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Seychelles Travel Information

The Basics

Time

Local time is GMT +4.

Electricity

Electrical current is 220-240 volts, 50Hz. Plugs are of the British type, with three flat pins.

Language

Creole, English and French are all spoken in the Seychelles.

Tipping

Charges for most services include a service charge of between five and 10 percent, therefore tipping is not obligatory. If service has been exceptional, a small tip on top of this is warmly welcomed.

Safety Information

Safety is not generally an issue in the Seychelles; violent crime is unlikely and most visits are trouble-free. There have been some incidents of theft and assault, but these are targeted mainly at residents. Visitors should be vigilant, particularly after dark in Victoria and in isolated areas. Avoid taking valuables to the beach, where they could be pilfered by petty thieves. Women should avoid walking alone on isolated beaches.

Local Customs

Nudism is unacceptable, and topless bathing is not tolerated on many, but not all, beaches. Punishments for drug offences can be severe.

Business

In the Seychelles, business is conducted relatively informally. Men and women are not required to wear formal suits, although a smart appearance is advised. Business is usually conducted in English or French. Business hours are generally 8am to 4pm Monday to Friday.

Communications

The international dialling code for Seychelles is +248. The outgoing code is 00 followed by the relevant country code (e.g. 0044 for the United Kingdom). Direct lines to most countries are available at major hotels. Most hotels offer a postal service, email and internet connection, and free international calls can be made over wifi.

Duty Free

Travellers to the Seychelles over 18 years do not have to pay duty on 200 cigarettes, 50 cigars or 250g of tobacco; two litres of spirits and two litres of wine; 200ml of perfume or eau de toilette. Prohibited items include drugs, narcotics, firearms, spear-fishing equipment, and camouflage clothing. It is forbidden to export unprocessed coco de mer, shells, fish and live tortoises. A permit is required for processed coco de mer.

Seychelles Travel Information

The Basics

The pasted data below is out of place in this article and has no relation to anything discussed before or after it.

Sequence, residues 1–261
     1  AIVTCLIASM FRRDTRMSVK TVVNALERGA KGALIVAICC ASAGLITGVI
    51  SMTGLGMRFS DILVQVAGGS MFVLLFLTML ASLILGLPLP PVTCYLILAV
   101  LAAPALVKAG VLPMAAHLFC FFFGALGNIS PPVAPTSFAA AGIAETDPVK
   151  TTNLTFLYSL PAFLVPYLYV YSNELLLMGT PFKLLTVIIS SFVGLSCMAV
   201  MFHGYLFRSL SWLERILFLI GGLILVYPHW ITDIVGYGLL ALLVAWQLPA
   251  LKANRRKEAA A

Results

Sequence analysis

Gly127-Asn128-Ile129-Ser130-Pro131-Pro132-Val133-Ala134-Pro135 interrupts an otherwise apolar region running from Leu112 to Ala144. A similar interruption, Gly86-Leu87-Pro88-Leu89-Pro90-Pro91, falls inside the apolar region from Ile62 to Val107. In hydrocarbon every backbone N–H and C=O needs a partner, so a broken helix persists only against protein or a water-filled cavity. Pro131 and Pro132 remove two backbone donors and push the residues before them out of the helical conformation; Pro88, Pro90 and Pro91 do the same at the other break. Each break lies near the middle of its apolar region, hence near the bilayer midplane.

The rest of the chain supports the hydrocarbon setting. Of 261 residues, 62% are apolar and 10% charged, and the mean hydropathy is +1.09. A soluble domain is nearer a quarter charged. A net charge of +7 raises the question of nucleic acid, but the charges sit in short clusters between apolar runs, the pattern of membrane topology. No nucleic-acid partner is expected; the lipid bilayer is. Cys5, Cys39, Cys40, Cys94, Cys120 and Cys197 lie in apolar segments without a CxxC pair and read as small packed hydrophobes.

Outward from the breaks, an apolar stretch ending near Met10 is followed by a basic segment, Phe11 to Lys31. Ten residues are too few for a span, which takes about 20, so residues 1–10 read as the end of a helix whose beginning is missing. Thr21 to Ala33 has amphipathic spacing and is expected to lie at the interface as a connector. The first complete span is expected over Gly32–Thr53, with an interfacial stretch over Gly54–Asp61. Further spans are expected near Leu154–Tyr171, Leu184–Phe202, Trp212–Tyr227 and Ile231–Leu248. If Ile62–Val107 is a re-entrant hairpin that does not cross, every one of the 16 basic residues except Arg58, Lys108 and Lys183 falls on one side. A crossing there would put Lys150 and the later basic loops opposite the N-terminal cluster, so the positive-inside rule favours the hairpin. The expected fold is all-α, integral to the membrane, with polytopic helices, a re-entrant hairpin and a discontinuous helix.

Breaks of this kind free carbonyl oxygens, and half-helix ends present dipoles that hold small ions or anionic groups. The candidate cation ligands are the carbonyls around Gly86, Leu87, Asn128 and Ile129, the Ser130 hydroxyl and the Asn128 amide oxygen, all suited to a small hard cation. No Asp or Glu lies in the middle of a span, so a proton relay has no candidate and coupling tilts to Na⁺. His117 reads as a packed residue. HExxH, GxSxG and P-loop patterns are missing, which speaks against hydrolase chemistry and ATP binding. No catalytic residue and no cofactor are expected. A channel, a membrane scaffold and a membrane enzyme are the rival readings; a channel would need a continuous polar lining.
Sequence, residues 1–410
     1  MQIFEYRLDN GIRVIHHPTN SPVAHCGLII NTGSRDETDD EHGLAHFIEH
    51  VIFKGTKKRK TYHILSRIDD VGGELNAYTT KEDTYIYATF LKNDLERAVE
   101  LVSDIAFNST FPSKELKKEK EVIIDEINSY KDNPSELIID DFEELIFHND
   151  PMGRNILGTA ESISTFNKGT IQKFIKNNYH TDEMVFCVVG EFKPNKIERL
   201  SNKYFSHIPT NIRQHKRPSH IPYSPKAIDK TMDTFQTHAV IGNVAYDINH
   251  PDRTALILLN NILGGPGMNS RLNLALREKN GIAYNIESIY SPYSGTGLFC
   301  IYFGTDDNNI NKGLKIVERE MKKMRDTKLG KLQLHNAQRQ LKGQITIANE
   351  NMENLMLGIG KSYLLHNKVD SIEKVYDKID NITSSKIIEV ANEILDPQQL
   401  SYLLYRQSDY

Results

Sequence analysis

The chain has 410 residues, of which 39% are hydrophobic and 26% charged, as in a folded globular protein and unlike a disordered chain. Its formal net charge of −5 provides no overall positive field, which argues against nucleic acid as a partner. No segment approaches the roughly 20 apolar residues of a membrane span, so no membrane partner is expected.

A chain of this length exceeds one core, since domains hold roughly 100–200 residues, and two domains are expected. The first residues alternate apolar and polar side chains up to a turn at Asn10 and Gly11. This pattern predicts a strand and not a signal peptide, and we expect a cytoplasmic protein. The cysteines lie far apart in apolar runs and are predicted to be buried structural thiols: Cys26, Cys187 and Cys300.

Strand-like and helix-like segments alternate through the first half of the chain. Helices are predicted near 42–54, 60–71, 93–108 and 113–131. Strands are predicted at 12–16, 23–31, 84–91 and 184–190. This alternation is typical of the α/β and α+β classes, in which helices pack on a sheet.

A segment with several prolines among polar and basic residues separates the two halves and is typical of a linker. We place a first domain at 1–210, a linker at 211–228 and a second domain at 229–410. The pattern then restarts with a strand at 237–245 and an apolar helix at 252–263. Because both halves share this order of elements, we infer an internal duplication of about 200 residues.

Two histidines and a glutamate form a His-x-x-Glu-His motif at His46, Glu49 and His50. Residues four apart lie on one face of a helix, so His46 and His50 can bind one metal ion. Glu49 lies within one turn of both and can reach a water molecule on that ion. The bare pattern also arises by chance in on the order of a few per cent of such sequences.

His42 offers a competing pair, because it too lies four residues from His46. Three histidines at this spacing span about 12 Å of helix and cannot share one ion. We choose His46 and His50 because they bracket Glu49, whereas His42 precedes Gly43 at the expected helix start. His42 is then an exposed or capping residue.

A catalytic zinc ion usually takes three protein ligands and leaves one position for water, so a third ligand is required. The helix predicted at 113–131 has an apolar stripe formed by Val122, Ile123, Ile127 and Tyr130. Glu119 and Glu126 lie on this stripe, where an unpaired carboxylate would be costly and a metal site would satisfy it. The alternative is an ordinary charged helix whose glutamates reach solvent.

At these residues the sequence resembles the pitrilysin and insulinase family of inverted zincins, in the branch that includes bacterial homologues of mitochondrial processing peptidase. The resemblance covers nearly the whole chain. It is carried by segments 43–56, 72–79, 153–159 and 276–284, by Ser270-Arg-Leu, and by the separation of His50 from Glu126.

Time

Local time is GMT +4.

Electricity

Electrical current is 220-240 volts, 50Hz. Plugs are of the British type, with three flat pins.

Language

Creole, English and French are all spoken in the Seychelles.

Tipping

Charges for most services include a service charge of between five and 10 percent, therefore tipping is not obligatory. If service has been exceptional, a small tip on top of this is warmly welcomed.

Safety Information

Safety is not generally an issue in the Seychelles; violent crime is unlikely and most visits are trouble-free. There have been some incidents of theft and assault, but these are targeted mainly at residents. Visitors should be vigilant, particularly after dark in Victoria and in isolated areas. Avoid taking valuables to the beach, where they could be pilfered by petty thieves. Women should avoid walking alone on isolated beaches.

Local Customs

Nudism is unacceptable, and topless bathing is not tolerated on many, but not all, beaches. Punishments for drug offences can be severe.

Business

In the Seychelles, business is conducted relatively informally. Men and women are not required to wear formal suits, although a smart appearance is advised. Business is usually conducted in English or French. Business hours are generally 8am to 4pm Monday to Friday.

Communications

The international dialling code for Seychelles is +248. The outgoing code is 00 followed by the relevant country code (e.g. 0044 for the United Kingdom). Direct lines to most countries are available at major hotels. Most hotels offer a postal service, email and internet connection, and free international calls can be made over wifi.

Duty Free

Travellers to the Seychelles over 18 years do not have to pay duty on 200 cigarettes, 50 cigars or 250g of tobacco; two litres of spirits and two litres of wine; 200ml of perfume or eau de toilette. Prohibited items include drugs, narcotics, firearms, spear-fishing equipment, and camouflage clothing. It is forbidden to export unprocessed coco de mer, shells, fish and live tortoises. A permit is required for processed coco de mer.